This has lost Momentum a lot of good will.
In the light of the Richmond Park by-election result, we await clarification of this idea, “Targeting marginal constituencies and areas with high Ukip support with a string of local events discussing Brexit to “Take Back Control”. How this will tie in with the decision to ” to fight for migrants’ rights and to defend and extend free movement, and fight for Labour to do the same.” when the events are intended to involve not just opponents but “supporters of Brexit” (“bring together leave and remain voters“) remains to be seen.
But Momentum had other business to discuss than the details of most important issue in British politics today.
Ed Whitby, Northern (North East and Cumbria) regional delegate
Today’s Momentum National Committee (3 December, Birmingham) was long overdue – no meeting for seven months, due to repeated cancellations of the NC by the Steering Committee – so the agenda was absurdly full with proposals about how to run the forthcoming conference, how delegates should be elected, how motions will be decided, etc, as well as motions on other issues.
The left, more radical, pro-democracy wing of the NC won on some democracy issues including the structure and powers of the upcoming national conference, passing policy for a conference of delegates from local groups that can meaningful decide Momentum’s policy and plans; as well as on some other issues (eg defending freedom of movement and migrants’ rights, and fighting expulsions and suspensions). But the more conservative wing managed, by one vote, to block holding a new election for the Steering Committee, even though it was elected seven months ago, before many events, debates and controversies.
The key votes:
• The NC voted for a sovereign national policy-making conference, representing members via local groups with most of the time committed to motions and debate, as well as political education.
• That this conference should make policy and establish a constitution.
• We voted down the proposal from the SC majority that we could only discuss three key areas.
• We voted that the conference would be on 18 February, 25 February or 4 March (25 February clashes with Scottish Labour conference).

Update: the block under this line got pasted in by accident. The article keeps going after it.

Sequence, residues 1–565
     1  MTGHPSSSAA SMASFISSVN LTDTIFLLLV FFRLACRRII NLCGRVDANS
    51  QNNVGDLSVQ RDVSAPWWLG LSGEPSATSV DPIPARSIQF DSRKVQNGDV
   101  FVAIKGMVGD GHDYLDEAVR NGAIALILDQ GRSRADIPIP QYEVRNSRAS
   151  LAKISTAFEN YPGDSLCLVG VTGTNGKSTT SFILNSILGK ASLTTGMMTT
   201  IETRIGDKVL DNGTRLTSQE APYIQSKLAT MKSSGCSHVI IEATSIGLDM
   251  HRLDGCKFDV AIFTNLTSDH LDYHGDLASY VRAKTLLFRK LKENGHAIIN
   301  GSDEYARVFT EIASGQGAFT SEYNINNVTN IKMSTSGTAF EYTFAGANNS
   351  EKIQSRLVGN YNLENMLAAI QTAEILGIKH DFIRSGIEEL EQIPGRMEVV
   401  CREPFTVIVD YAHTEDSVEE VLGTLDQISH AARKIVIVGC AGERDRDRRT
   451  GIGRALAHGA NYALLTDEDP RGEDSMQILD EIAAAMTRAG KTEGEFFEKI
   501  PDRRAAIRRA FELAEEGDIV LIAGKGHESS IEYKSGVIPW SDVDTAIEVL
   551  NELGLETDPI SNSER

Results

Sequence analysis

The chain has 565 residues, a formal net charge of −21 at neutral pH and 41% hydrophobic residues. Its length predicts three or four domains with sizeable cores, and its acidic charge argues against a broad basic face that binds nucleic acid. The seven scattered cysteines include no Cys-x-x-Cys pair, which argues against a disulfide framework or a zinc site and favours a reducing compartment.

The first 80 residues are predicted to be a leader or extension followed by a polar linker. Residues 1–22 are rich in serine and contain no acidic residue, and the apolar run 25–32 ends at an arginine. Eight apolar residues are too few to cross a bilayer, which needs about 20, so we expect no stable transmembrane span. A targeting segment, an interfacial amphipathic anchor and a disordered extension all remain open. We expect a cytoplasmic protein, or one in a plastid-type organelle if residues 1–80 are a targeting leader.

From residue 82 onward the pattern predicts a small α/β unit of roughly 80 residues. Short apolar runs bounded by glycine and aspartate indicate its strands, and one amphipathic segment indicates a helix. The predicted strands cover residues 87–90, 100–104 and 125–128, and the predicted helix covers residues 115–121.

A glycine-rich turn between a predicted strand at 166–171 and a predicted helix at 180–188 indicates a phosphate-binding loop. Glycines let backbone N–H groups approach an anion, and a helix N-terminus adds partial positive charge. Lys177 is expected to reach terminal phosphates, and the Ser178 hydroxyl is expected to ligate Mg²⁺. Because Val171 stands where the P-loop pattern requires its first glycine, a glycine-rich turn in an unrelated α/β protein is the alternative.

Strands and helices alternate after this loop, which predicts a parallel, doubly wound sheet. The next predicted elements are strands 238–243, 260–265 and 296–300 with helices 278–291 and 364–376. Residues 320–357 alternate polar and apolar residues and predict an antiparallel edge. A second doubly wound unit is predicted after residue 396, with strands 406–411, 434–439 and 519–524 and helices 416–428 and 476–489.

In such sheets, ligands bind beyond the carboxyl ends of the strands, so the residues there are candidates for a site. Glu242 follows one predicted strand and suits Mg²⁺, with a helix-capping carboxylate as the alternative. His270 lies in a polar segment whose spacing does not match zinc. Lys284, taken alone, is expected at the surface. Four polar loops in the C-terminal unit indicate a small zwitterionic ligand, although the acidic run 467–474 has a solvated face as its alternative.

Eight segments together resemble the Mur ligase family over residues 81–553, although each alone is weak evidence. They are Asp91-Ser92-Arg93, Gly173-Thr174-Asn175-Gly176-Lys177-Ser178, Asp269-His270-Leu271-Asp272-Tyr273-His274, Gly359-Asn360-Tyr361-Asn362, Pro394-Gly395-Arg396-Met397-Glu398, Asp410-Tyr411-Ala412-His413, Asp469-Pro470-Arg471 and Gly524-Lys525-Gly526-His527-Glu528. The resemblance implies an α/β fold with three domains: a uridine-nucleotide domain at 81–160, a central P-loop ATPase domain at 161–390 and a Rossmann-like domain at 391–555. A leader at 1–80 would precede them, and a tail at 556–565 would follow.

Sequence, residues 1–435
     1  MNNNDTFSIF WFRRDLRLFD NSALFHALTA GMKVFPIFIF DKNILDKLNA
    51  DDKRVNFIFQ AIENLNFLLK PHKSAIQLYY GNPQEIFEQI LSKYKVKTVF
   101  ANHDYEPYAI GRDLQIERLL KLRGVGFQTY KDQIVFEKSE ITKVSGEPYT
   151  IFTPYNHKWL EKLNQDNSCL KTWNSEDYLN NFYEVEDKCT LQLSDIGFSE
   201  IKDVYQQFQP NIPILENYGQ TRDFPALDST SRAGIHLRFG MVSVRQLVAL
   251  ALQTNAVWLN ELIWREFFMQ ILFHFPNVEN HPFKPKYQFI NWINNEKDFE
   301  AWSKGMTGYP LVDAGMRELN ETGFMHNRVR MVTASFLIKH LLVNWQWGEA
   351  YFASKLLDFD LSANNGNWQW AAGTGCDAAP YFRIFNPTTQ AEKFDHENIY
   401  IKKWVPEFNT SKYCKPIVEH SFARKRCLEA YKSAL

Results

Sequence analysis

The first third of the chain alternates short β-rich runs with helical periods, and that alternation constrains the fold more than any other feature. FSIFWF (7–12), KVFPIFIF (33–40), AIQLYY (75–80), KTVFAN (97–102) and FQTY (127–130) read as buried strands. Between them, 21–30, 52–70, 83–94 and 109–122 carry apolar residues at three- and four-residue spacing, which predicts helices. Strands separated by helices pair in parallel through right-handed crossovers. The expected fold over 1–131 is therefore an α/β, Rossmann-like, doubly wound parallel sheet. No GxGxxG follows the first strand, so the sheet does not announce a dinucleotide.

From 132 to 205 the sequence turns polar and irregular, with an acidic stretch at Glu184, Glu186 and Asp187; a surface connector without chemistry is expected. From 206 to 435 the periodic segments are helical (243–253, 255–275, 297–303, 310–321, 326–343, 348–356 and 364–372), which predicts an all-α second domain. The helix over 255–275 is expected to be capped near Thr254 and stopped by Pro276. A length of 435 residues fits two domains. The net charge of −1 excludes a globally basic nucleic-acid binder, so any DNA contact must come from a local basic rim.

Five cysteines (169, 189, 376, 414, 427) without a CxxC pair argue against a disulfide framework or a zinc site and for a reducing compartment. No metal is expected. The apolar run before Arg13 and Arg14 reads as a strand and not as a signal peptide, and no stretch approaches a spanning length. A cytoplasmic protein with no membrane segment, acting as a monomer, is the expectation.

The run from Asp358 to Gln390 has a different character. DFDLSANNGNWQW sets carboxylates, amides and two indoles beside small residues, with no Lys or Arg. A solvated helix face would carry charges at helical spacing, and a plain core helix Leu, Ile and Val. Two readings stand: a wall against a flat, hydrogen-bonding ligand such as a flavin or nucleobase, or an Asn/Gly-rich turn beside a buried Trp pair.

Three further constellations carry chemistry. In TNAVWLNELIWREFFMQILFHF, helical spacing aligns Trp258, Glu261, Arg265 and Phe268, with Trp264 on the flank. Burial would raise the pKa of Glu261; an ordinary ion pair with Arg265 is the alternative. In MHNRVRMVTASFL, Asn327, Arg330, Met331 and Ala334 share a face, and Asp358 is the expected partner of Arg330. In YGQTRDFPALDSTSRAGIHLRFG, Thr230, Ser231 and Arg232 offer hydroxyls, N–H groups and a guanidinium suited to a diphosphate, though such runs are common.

• We voted for a composite from the Northern, London and Midlands regions advocating motions can be submitted one each from local groups, liberation groups, students and youth, affiliated unions, the NC and regional networks; three weeks before conference; with compositing, an e-forum to discuss motions and an online priorities ballot.
• Two delegates for every 100 members or part thereof (at least gender balanced and groups sending more than four must send at least one young person).
• Those not covered by a group can send at same rate elected by ballot.
• If not covered by a group 30 people can submit a motion.
• Liberation groups and students and youth can send delegates, to be agreed by NC in consultation with these groups subject to verification of structures and elections.
• We elected a Conference Arrangements Committee of seven people: Alec Price, Huda Elmi, Josie Runswick, Delia Mattis, Lotte Boumelha, Jackie Walker, James Elliott.
• We voted against complicated formulas for voting and instead for simple delegate voting at conference.
• We voted that group delegates should be elected at face-to-face local Momentum group meetings.
This seems like major victories for democracy. The risk is that the incumbent Steering Committee will try to void or get round these decisions. We must urge them not to do so.
….many good proposals were won, but the failure to re-elect the Steering Committee, and the fact that the NC was stuffed with delegates elected on a dubious basis or not really elected, leaves many issues of democracy unresolved. On the other hand, given that, the victories the left won were even more impressive. However, there is a real risk the democratic gains achieved today will be overturned. The membership must fight to stop this happening.
• For Momentum Youth and Students’ proposal to fight for migrants’ rights and to defend and extend free movement, and fight for Labour to do the same. This could be very significant indeed.
• A national housebuilding programme.
• The North West region motion for action against suspensions and expulsions from Labour and in defence of Wallasey, Liverpool Riverside and Brighton and Hove Labour Parties.
No votes were taken on censuring the SC, on basic accountability, on the Momentum company structures.
This shows the, very low, turn out, for the on-line elections inside Momentum.
So, we know one thing clearly: there are some people who consider that there is a continuing battle between left and….right in Momentum.
There are also individuals, apparently on the Conference Arrangement’s Committee, publicly making the traditional virulently sectarian remarks about opposing factions present at this meeting.
We look forward to seeing how they run this Conference.
Whether it will be a force to win a Labour Party that fights for and wins an alternative to neoliberalism” remains to be seen.
But, as Red Flag, the group formerly known as Workers Power (League for the Fifth International) comment,
Spectacular Rise in Polls for Belgium Far-left Parti du Travail de Belgique/Partij van de Arbeid van België.